Falter: Has the Human Game Begun to Play Itself Out?

Falter: Has the Human Game Begun to Play Itself Out? Review

Thirty years ago Bill McKibben offered one of the earliest warnings about climate change. Now he broadens the warning: the entire human game, he suggests, has begun to play itself out.

Bill McKibben’s groundbreaking book The End of Nature -- issued in dozens of languages and long regarded as a classic -- was the first book to alert us to global warming. But the danger is broader than that: even as climate change shrinks the space where our civilization can exist, new technologies like artificial intelligence and robotics threaten to bleach away the variety of human experience.

Falter tells the story of these converging trends and of the ideological fervor that keeps us from bringing them under control. And then, drawing on McKibben’s experience in building 350.org, the first truly global citizens movement to combat climate change, it offers some possible ways out of the trap. We’re at a bleak moment in human history -- and we’ll either confront that bleakness or watch the civilization our forebears built slip away.

Falter is a powerful and sobering call to arms, to save not only our planet but also our humanity.

Title:Falter: Has the Human Game Begun to Play Itself Out?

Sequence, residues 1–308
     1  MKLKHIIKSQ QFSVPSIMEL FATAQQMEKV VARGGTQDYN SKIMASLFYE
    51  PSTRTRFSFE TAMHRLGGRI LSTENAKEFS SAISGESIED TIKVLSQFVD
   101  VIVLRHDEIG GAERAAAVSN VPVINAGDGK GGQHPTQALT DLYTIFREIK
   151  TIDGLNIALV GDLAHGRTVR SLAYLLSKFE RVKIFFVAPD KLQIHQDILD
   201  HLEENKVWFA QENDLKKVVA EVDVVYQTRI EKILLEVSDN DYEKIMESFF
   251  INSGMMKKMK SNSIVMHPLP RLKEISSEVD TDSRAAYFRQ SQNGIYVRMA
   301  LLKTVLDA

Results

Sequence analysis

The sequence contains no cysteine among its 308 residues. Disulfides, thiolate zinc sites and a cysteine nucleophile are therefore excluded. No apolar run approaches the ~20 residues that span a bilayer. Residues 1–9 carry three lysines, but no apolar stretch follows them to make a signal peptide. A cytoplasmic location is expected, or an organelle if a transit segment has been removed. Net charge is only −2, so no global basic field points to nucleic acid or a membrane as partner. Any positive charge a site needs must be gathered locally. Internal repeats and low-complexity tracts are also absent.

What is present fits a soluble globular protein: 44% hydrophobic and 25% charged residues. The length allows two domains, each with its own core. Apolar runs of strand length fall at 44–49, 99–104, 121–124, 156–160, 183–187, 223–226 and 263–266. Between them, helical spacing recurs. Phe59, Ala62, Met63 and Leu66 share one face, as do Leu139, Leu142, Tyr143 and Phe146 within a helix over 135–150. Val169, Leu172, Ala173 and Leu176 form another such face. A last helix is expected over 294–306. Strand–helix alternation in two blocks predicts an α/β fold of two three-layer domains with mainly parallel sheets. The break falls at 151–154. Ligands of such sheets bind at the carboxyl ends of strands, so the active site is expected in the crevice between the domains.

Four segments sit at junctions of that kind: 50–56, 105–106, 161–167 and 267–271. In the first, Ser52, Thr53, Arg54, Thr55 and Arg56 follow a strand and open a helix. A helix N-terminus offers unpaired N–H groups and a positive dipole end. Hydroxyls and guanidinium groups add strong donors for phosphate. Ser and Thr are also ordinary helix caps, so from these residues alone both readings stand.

Falter: Has the Human Game Begun to Play Itself Out? Reviews

  • David Wineberg

    America is being held hostage by a curmudgeonly few who insist there is no man-made climate change. Meanwhile, the vast majority of both citizens and scientists seethes. To that, Bill McKibben’s Fal...

  • Radiantflux

    57th book for 2019.I would like to find nice things to say about this book, as I am sure McKibben's heart is in the right place, but this book is a hot mess. McKibben's basic contention is that the hu...

  • Peter Mcloughlin

    Bill McKibben goes after much more than climate change in this book. He goes after the posthuman movement, libertarians, and the far right, oil companies, Ayn Rand, Ronald Reagan. This book takes in t...

  • howl of minerva

    A cri-de-coeur for the planet. All the things we work on and worry about will be brought to naught if these existential concerns are not addressed. The simultaneously worst and best thing is that the ...

  • jeremy

    if greed warps your life, you assume it must warp everyone's. if bill mckibben's prescient warnings had been heeded some thirty years ago, perhaps his new book wouldn't be so urgent and grievous. pre...

  • Annie Rosewood

    This book presents a good overview of what McKibben refers to as the human game - human life and our responsibility to the planet as well as future generations, and the factors that are shaping the pr...

  • Mary

    This book should be required reading for everyone—it is by turns sobering, infuriating and eye-opening and written throughout in clear, conversational (and even at times humorous) prose that manages...

  • Conor

    In some ways, this is the scariest book I have ever read. McKibben's object is questioning whether humans--because of natural limits or the consequences of our actions--are doomed to plateau, regress,...

  • Randall Wallace

    Scientists believe the end of the Cretaceous period came with a “rock larger than Mt. Everest traveling twenty times faster than a bullet” slammed into the Gulf of Mexico leading to a 1,000ft tall...

  • Rita

    Easy-to-read, full of witty moments, and full of SOME information, I enjoyed reading this book, especially the weird science stuff. There're parts about billionaires wanting to freeze their bodies, ot...